On Friday I wrote about the dozen partners at ParenteBeard, the biggest accounting firm based in Philadelphia since its acquisitions a few years back, who quit and were talking to national rival BDO, which has been rebuilding its Philadelphia office, about setting up a bank auditing practice.
Since then I've been hearing about other recent changes at ParenteBeard:
- In Pa.: Four partners left to join Reinsel Kuntz Lesher (RTL), a rising practice in the Reading-Harrisburg-Lancaster-York area, late last year, joining three partners who made the same move at the start of 2012, and at least one more who plans to join them.
- In N.J.: Dominic Caglioti, formerly a member of the Parente board, has left and is now at New York-based Friedman, which has expanded its South Jersey office. He's been joined at Friedman by Mark Nicastro, once a rising star at ParenteBeard, whose practice includes emerging technology companies. Also, John E. Rafter, another South Jersey partner, left to start a firm with fellow ParenteBeard alumnus Leonard Lewis.
Besides Caglioti, at least one other ParenteBeard board member, Barry Pelagatti, has also departed recently and vanished from the company Web site.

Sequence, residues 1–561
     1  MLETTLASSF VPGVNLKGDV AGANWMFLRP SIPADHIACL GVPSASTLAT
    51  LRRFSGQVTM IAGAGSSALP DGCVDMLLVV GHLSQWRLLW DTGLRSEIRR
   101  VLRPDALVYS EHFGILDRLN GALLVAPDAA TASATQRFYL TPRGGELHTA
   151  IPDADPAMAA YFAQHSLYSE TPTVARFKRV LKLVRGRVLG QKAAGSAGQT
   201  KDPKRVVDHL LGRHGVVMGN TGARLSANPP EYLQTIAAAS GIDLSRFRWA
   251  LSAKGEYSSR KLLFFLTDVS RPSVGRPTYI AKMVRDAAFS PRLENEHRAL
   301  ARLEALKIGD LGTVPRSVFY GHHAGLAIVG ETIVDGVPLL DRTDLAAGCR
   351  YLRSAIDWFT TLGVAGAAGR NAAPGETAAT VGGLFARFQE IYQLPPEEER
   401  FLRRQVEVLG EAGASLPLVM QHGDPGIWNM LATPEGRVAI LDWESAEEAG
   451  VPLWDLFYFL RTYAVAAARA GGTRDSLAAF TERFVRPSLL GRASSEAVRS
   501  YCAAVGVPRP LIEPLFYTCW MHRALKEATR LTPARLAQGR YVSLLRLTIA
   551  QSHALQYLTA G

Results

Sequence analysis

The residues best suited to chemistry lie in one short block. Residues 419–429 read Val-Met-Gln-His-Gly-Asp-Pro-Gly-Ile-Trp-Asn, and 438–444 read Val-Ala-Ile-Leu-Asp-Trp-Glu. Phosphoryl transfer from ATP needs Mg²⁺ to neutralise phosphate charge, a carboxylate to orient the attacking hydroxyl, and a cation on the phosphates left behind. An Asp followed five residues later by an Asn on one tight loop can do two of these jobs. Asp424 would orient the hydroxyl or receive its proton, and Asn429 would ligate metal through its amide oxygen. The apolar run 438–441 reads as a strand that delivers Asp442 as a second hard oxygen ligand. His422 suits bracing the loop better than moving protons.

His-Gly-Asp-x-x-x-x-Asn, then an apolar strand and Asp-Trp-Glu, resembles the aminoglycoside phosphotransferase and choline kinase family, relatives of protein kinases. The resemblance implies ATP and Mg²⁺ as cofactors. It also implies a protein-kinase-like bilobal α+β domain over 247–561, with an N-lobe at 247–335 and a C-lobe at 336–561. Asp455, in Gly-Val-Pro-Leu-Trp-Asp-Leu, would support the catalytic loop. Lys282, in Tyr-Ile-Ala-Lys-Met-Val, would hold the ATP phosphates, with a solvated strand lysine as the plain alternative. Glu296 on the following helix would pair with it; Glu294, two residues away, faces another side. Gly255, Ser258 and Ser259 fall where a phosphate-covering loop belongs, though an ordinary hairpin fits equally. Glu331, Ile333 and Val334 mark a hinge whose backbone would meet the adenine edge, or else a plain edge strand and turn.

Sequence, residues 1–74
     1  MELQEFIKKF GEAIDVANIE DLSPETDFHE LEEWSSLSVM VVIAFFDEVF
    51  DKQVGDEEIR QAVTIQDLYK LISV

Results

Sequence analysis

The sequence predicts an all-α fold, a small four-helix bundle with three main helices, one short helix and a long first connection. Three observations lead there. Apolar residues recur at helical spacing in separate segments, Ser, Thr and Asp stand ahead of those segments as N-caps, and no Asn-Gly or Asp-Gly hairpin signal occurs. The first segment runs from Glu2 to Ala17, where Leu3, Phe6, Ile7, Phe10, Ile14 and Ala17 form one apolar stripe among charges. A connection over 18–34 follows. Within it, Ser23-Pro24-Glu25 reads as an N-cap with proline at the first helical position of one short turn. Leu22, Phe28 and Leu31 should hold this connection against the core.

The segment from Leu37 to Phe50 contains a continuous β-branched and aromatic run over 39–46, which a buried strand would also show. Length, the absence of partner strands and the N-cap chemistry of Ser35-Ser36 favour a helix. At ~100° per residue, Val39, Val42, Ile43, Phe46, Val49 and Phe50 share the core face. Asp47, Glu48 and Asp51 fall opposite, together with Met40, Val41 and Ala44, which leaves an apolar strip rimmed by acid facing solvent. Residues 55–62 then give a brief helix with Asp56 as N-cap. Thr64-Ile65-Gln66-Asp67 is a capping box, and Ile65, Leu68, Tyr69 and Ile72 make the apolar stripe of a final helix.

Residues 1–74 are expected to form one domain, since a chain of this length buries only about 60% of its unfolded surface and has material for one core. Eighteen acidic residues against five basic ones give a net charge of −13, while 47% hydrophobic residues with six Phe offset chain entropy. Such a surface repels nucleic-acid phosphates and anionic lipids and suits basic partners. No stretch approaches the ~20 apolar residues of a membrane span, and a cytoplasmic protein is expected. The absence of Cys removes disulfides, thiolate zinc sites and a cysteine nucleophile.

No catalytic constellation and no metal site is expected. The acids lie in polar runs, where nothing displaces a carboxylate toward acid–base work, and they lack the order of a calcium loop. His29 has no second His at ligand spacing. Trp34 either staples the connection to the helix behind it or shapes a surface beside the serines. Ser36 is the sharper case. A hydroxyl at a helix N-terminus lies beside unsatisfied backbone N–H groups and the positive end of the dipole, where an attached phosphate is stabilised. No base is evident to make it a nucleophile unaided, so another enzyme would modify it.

AccountingToday this year listed ParenteBeard as the 21st-largest U.S. accounting firm, with $169 million in yearly revenues (the Big 4 - Deloitte, PwC, Ernst & Young, KPMG, each top $5 billion), and the 8th largest based outside New York or Chicago. But the same list showed ParenteBeard was the only one of the top 25 firms where revenues fell last year (by less than 1%), and the one with the biggest decline in total staff, down almost 6% to 978 (at most firms staffing was up).
What's going on? “As the largest Philadelphia-based accounting firm with more than 20 offices and 1,000 team members, the simple fact is that we experience turnover," Bob Ciaruffoli, ParenteBeard chairman and CEO, told me in a statement. "Regarding the question of our growth, we cannot speak to what other firms do, but, for us, we have made strategic decisions to part ways with practices that were not aligned with our strategic plan.
"Certainly, we take the issue of corporate culture seriously and since the merger in 2009, we have been attentive to it. What we’ve found as we’ve grown over the past decade is that we’ve been able to attract new and different talent to ParenteBeard – talent that is passionate about working here. And we’ve made an investment in cultivating that talent. In the end, our decisions are driven by what serves our team members and clients best.”
Big reorganizations might be disruptvie for partners or clients, but they aren't necessarily fatal, as BDO's recent growth in Philadelphia after its earlier flubbed merger here shows.